The rise of game boutiques such as Nook Street Market further facilitates the presence of designer clothing in the game’s world. For instance, in this screenshot taken from the account’s Instagram this past week, one player notes how they “can’t get Burberry irl, so got it on [Animal Crossing].” Player customisation and creation in and outside of the game is encouraged, allowing for an idyllic version of our own world to be reflected.

How Animal Crossing: New Horizons became our digital backyard during quarantine

Similarly, the sweeping, buzzing fields and full, undulating fruit trees represent another kind of financial inaccessibility for most in urban populations. Dirt, and its associations with the organic and natural, has become a luxury item. According to a research paper in the British academic journal Biology Letters in 2016, “in urban ecosystems, socioeconomics contribute to patterns of biodiversity.” Socioeconomic statuses of residents in an urban area then produce a “‘luxury effect’, in which wealthier neighbourhoods are more biologically diverse” in plants, animals and insects.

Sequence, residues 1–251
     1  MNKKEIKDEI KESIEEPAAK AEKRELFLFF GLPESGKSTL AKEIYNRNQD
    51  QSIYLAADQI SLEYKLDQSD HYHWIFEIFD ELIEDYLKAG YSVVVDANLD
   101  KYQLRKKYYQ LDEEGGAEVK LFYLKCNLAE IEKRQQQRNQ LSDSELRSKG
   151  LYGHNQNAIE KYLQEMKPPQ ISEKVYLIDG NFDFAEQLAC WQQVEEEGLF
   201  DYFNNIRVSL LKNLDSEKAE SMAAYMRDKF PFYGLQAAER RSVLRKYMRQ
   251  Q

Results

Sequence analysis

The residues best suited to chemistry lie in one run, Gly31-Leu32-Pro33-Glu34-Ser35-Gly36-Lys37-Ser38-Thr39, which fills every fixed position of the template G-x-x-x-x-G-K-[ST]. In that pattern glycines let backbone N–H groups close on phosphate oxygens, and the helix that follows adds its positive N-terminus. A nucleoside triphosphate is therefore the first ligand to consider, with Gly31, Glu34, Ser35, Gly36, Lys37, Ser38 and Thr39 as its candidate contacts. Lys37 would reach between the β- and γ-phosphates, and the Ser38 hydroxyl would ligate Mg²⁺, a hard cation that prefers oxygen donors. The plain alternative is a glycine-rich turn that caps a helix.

This is demonstrated by the cordoned off gardens around Kensington and Chelsea, one of London’s wealthiest boroughs, which are only accessible for those who live in the limestone townhouses around the squares. A recent article by Huck Mag similarly echoes this with the author pointing out how multiple public spaces in London have been shut down due to coronavirus. The piece suggests opening up golf courses as more public outdoor space for those in the city who don’t have a garden or balcony.

While of course it’s difficult to ensure social distancing is maintained, it’s also important to recognise not only the physical but also mental breath of fresh air being outside provides. Outdoor space has become a privilege attached directly to income in the cramped contemporary city, which has become more blatant through the unprecedented measures of lockdown in which people are confined to the spaces of their property.

However, for the price of a Nintendo Switch and an Animal Crossing cartridge you can access a resemblance of this. Due to the quarantine measures globally, art and culture have moved to online spaces, but, similarly, the digital flora and fauna in Animal Crossing has become a virtual backyard or park space. 

When you can’t build vertically or horizontally in a cityscape anymore, why not build into the cloud? With or without the pandemic or a recession, Animal Crossing still remains an idyllic space. Not only because it’s rooted in nostalgia, but because of these inaccessible elements which players are allowed to roam freely within and among in the game space. New Horizons offers plushy, CGI horizons that extend beyond our flat’s window frames.

Alive & More is the fashion brand that lets you unlock real clothes through a video game